child but also the saadhaka of the karma of feeding the child.
There is a famous Purandara Dasa song: `gummana kareyadire,
ammaa neenu….’ where the Bala Krishna pleads with Yashodha
`O Mother, please do not summon that gumma’.

4. Scarecrow: A scarecrow is a device, traditionally a human
figure dressed in old clothes, or mannequin   that is used to
discourage birds such as crows   from disturbing crops.

(Wikipedia) .

The figure is not a real man; mithya. Yet the birds and crows take this
to be a person and keep off the field. A mithya object can be a jnAna
saadhaka which has a prayojana too.

5. I have seen in my young days milkmen bringing a cow for
milking, sometimes carrying a stuffed calf. The poor cow would have
lost its calf very young. Milkmen have concluded by anvaya/vyatireka
that the cow would yield more milk when the calf is present while
milking. So, when the calf has died, they stuff the carcass and carry
it and place it before the cow while milking. The cow even licks the
calf in all love as though the calf is alive. Thus, a mithya object can
be a jnana saadhaka and kArya upayogi.

6. Any model used for educational and other purposes is a mithyA
object. For example, in schools a globe or Atlas is used to teach
geography, etc. Even though it is only a drawing, a picture, and not
the real country, region, continent, yet it is capable of producing
`knowledge’, jnana, in the students. This jnana is definitely
valid knowledge for it is not falsified later.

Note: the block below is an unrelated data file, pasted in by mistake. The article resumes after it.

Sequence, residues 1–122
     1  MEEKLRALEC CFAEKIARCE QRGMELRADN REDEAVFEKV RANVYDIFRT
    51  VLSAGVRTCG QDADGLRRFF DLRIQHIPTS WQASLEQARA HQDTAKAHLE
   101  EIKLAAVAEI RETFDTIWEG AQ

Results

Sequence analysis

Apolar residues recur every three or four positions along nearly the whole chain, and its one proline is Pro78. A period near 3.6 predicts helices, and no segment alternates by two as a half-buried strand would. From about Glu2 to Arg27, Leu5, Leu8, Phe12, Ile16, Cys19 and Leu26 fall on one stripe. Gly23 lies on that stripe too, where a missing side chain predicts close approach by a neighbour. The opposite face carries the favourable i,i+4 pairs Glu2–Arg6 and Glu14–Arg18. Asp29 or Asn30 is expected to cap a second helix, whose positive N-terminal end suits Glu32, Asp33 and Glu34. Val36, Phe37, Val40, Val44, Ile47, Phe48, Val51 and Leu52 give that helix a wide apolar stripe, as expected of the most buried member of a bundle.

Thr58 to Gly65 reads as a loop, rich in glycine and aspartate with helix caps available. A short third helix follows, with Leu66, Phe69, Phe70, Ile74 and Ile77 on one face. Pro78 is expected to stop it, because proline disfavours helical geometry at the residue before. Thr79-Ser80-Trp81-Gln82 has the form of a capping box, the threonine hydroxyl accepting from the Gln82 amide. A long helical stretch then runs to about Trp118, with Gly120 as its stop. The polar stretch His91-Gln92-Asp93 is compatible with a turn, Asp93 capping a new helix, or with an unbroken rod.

It is pertinent to point out here that Shankara has cited a similar case
in the Brahmasutra quote provided above. Supposing I know four Indian
languages. A friend promises to give me in writing a hymn for my use.
He knows that I am versed in the three languages. He chooses one to pen
the hymn. I read it and commit it to memory soon. Now, the song is in
my mind; no matter in which script it was written by my friend while
giving it to me. The `sound’ is what matters and not the
script. Shankara says that the script, just a way of expressing a
sound, is unreal; the sound alone is real. This is because we can
`do away’ with the script; the sound recorded intact in memory.
Thus the unreal script produces the knowledge of a real sound.

We can add wax models of fruits, etc. that a teacher uses in a
classroom. Students do get a valid knowledge from these make-believe

Films are a great example for this. Valid knowledge arises in students
who are shown films about any subject. While films are just light
projected over a screen, with no real objects there, yet valid knowledge
is produced from these mithya objects.

Puppet shows too produce valid knowledge about the theme presented.
This knowledge does not get falsified later.

7. There are several stories told to convey moral values. Many of
these are animal stories like the hare and the tortoise, the crow and
the jackal, the lion and the mouse, etc. An interesting story is woven
around these animal characters with a lot of dialogue and humour. The
listeners know even while listening that it is only a story; the animals
after all, do not converse the way it is presented. Yet, the moral is
conveyed even though the story-part is discarded. Thus, an unreal
object or event does produce valid knowledge.

8. Here is an instance from the field of science:

Benzene’s ring structure was discovered in 1864 by German
chemist Friedrich August Kekule. He was inspired